Mourinho blames bad luck for Barca loss

The excuses for Jose Mourinho’s Real Madrid are running out.

After its latest 3-1 home loss to Barcelona on Saturday, there was no talk of referee bias or the Catalan side’s supposed propensity for exaggerating fouls, just the last-ditch explanation left for any loser: pure bad luck.

In blaming fate, Mourinho appeared to be resigned to accepting that for whatever reason his Real Madrid is second best to a side that continues to play the world’s most attractive football.

”Football is a game, and details and luck form part of it,” a subdued Mourinho said after the match. ”Without taking anything away from our opponent, luck was the difference.”

”They have won more games than we have, and it is easy to conclude that whoever wins more is the better team because time passes and … we are only left with the numbers.”

The numbers are conclusive. Since the arrival of coach Pep Guardiola, Barcelona has yet to lose to Madrid in the league in seven games and has an overall record of eight wins and three draws to only one loss in all competitions.

The headlines of the Madrid-friendly sports dailies on Sunday made no appeals to chance.

AS read ”The Best Team Won,” while Marca lamented ”Barca Again Conquers the Bernabeu.”

While Madrid defender Pepe also said that ”Barca was very lucky,” captain Iker Casillas acknowledged that his team’s psychological need to beat Barcelona may also have influenced its failure to react after falling behind.

”You have to be able to also play with bad luck,” said Casillas. ”The results of the past seasons have not been favorable, but we have to look forward. Barcelona can’t be an obsession.”

Perhaps the Spain goalkeeper was best suited to see that although Madrid came close to scoring twice before uncharacteristic misses by Cristiano Ronaldo, Barcelona could have inflicted its fierce rival even greater pain if it had shown more ambition in the final stretch of a game it dominated with ease.

To makes matters worse for Madrid, it could not have asked for a more favorable run of form ahead of the game.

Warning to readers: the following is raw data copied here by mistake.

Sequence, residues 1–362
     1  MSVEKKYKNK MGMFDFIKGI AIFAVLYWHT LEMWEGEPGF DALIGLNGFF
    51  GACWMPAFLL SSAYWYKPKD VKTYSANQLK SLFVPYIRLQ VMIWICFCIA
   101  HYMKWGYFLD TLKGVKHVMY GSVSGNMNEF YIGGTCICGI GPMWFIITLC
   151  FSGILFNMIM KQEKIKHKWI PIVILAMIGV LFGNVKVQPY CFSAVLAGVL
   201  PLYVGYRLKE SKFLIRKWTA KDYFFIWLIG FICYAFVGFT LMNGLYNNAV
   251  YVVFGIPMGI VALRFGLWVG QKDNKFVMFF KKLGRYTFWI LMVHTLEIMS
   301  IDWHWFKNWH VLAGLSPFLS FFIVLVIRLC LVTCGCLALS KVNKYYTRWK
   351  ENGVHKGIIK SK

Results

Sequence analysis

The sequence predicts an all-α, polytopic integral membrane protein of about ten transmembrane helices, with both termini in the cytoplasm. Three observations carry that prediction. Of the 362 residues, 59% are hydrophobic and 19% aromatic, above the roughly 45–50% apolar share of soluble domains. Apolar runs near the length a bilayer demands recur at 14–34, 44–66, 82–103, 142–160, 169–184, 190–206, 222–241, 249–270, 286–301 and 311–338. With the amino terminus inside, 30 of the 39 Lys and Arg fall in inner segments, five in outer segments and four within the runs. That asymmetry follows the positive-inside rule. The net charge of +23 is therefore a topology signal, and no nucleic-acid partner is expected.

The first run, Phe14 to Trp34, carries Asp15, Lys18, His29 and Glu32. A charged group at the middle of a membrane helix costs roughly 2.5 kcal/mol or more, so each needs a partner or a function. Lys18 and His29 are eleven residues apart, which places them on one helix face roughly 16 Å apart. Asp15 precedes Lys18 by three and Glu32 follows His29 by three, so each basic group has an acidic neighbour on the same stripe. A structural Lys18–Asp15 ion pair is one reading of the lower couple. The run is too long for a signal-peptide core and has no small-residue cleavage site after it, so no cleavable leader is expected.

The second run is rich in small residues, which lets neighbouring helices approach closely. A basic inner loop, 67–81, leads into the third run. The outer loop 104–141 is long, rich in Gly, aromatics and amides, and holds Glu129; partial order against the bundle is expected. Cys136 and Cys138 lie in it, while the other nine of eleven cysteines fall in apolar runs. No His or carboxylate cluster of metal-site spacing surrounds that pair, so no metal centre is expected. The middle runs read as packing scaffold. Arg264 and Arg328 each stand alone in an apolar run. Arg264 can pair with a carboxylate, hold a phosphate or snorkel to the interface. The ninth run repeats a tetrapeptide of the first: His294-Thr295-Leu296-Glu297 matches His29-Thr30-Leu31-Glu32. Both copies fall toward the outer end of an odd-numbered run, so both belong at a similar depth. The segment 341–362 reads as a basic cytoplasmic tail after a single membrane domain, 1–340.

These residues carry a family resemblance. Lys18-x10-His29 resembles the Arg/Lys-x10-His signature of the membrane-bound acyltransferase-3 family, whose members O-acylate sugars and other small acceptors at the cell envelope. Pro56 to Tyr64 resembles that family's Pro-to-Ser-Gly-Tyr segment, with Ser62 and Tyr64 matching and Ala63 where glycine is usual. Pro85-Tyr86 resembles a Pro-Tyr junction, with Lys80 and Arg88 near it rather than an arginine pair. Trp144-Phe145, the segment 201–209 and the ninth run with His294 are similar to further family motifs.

Madrid was on a 15-match winning streak, tying a team record set in the 1960-61 season, while Barcelona was struggling in its away league games.

Then came Karim Benzema’s opener just 21 seconds into the game after Barcelona goalkeeper Victor Valdes’ poor pass.

Despite the worst start imaginable, Barcelona never grew flustered and seven minutes later its star Lionel Messi gave the Santiago Bernabeu crowd reason to worry when his shot required a diving parry from Casillas in a clear warning of what was to come.

Messi set up Alexis Sanchez to score the equalizer on the half-hour mark. Xavi Hernandez put the visitors ahead with a deflected shot off Marcelo in 53rd, and Cesc Fabregas raced in to meet Dani Alves’ cross at the far post to seal the comeback win in the 66th.

Both of its offseason acquisitions – Sanchez and Fabregas – scored, but it was Barcelona’s old guard that led it to the victory. Messi was not at his best, but once again was the best player on the pitch, rivaled only by Andres Iniesta, who put on a master class of control, pace and precision in the second half, while captain Carles Puyol had his strongest game of the season in anchoring the defense.

”This win for us represents a turning point and a big morale boost,” said Xavi, whose team took the league lead on goal difference, though Madrid has a game in hand.

Mourinho is also surely coming up short of tactics to beat the team that has become the nemesis of his highly successful career.

After enduring a 5-0 rout in the first of the eight ”clasico” matches he has already coached since arriving last summer, Mourinho’s defensive tactics were only enough to get one win against Barcelona in the Copa del Rey final as he lost the Champions League semifinals and league race last season.

This campaign, he has sent out his team to attack in the Spanish Supercup final and now in the first of two league meetings, only to come up with the same results.

Barcelona left the Spanish capital directly for the Club World Cup in Japan, where Guardiola can add to his club-record 12 titles with yet another trophy.

The former Barcelona midfielder still expects Madrid to compete to the end of the season as it tries to dethrone the Catalan side for the first time in four seasons.

”I don’t think this win will sink Madrid’s spirit,” Guardiola said. ”They will bounce back and continue to be our main rival. It goes with the philosophy of this club.”